By Paula Green
With new regulations and tighter enforcement that could lead to more corporate legal action, many companies are increasing their cover for directors and officers insurance.
Most corporate risk officers should still enjoy favorable terms this year as they cut deals with their insurers for directors and officers liability insurance. Although certain segments of the corporate D&O liability market currently deemed high- risk—such as financial institutions and companies in economic distress—may face greater restrictions and rising rates, the surge in capacity that began a decade ago after 9/11 is still generally causing rates to decline.
But a variety of factors—including more frequent claims, insurers’ lack of investment income and the increase in corporate legal action—are pressuring insurers to hold the line on pricing. “
“There could conceivably be pressure, from at least the primary D&O insurance layers, to cease giving back premium dollars in 2012,” says Brian Wanat, national practice leader of Aon Risk Solutions Financial Services Group. “With little or no investment income, carriers are forced to make an underwriting profit.” Overall, in 2011, companies saw premium prices decline about 10%, but Wanat notes that the rate of declining premiums slowed during the second half of the year.
Edward House, divisional director, directors and officers, at UK insurance brokerage FINEX, says the D&O market in London and Europe remains soft for nonfinancial commercial clients as additional capacity among existing insurers, as well as new players, keep driving rates downward. This trend is particularly evident when buying extra coverage. “The market is likely to continue to soften in 2012 on excess layers, however the large primary reductions we have seen over the past few years may slow,” says House. FINEX is a subsidiary of global insurance giant Willis.
But tough economic times in Europe have prompted some insurers to rein in their premium reductions. Companies, facing their own belt-tightening, may choose to reduce their cover. However, some companies may rather use the availability of inexpensive cover now to lock in greater limits as the specter of more frequent claims against directors and officers looms ahead, House adds.
Corporate risk officers and their insurers are watching how recent pieces of legislation will play out in legal actions now under way against multinational corporations’ (MNC) executives and board members.
The Wall Street Reform and Consumer Protection Act, for example, gave stronger teeth to the enforcement authority of the Securities and Exchange Commission. The Dodd-Frank Act, as it is known, aims to reshape the banking and financial industry landscape after the global financial debacle that began during 2007-2008. The industry wants to see how enhanced protection and compensation for whistleblowers, as well as clawback provisions, will play out in the contracts that are now a part of the D&O world. “From the corporate risk perspective, this is something to watch,” says Tripp Sheehan, US D&O leader for international broker Marsh.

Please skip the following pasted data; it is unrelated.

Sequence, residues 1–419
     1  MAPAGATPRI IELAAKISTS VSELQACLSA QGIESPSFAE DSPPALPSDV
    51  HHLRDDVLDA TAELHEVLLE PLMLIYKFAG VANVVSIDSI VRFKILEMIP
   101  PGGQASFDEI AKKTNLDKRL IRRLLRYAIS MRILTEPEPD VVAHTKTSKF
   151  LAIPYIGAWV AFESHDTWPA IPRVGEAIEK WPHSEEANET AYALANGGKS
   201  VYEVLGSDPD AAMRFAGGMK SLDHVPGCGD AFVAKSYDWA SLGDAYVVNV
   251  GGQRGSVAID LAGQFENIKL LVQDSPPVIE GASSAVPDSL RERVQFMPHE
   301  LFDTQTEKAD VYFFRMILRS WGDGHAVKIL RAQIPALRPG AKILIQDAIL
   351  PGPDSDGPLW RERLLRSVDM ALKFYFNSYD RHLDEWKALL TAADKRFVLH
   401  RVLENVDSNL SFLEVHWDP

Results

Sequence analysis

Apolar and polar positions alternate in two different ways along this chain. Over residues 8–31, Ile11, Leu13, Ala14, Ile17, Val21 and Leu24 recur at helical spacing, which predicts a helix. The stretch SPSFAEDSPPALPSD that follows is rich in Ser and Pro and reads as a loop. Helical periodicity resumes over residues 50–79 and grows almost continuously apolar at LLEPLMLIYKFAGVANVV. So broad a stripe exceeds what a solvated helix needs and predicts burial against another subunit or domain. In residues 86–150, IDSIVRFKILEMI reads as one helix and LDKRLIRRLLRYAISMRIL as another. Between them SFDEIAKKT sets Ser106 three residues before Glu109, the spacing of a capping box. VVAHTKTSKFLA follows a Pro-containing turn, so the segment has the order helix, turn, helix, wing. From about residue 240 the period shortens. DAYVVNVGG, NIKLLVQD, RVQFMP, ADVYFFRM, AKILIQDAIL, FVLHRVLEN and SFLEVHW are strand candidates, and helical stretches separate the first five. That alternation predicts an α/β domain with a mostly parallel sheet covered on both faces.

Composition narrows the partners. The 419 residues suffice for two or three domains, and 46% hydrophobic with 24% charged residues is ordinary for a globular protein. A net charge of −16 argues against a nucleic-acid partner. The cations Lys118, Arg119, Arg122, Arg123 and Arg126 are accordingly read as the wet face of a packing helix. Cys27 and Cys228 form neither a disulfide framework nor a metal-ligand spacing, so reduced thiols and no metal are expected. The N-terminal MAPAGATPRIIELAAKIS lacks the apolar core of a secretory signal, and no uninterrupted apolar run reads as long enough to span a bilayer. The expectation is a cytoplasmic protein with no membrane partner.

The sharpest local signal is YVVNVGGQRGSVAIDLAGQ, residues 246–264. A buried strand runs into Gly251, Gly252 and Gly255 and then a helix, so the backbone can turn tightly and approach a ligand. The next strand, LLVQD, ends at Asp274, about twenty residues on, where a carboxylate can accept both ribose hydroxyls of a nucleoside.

Another piece of legislation at center stage in the US D&O market is the Foreign Corrupt Practices Act. It has been in place since 1977, but only in recent years have the US Department of Justice and the SEC been aggressively pursuing companies that violate it. The act makes it illegal for a company, its employees or its agents to hand over corrupt payments to foreign officials in order to secure a deal or keep business.
Across the Atlantic, the industry is watching how the United Kingdom Bribery Act, which finally took effect last summer, impacts D&O policies.
HIGHER PRICES FOR HIGHER RISK
Financial institutions, especially those with exposure to the sovereign debt crisis in the eurozone, are one segment of the D&O customer base that is facing a hardening market. Cristina Martínez Garcia, director of corporate risk management at Campofrio Food Group in Madrid, Spain, says: “Many insurers are reducing their capacity and coverage, as well as increasing rates, in companies that have an exposure to sovereign debt, particularly banks and all other companies considered to be financial institutions.” In particular, this applies to private equity firms, asset managers, stockbrokers and insurance companies.
“Many insurers are reducing their capacity and coverage, as well as increasing rates, in companies that have an exposure to sovereign debt”
– Cristina Martínez Garcia, Campofrio Food Group
Another segment of companies up against possible restrictions in their D&O cover are financially distressed corporations, as insurers warily eye the expanding pool of corporate bankruptcies in these economically edgy times.
D&O underwriters are introducing “insolvency exclusions” that mainly impact a corporation’s subsidiaries and other affiliated companies, says Martínez Garcia, who also is a board member of the Federation of European Risk Management Associations in Brussels. “They [insurers] are suffering increasing claims arising from companies that go into liquidation or voluntary receivership,” says Martínez Garcia, adding that the troubled economy has left many companies unable to pay off their debts.
Meanwhile, the eurozone crisis continues to cause headaches for risk officers whose companies do business in Europe. The first question that now comes up in almost every D&O underwriting meeting, especially for financial institutions, Wanat notes, is: “[Do you have] any exposure to Greece or other problematic countries in the EU?”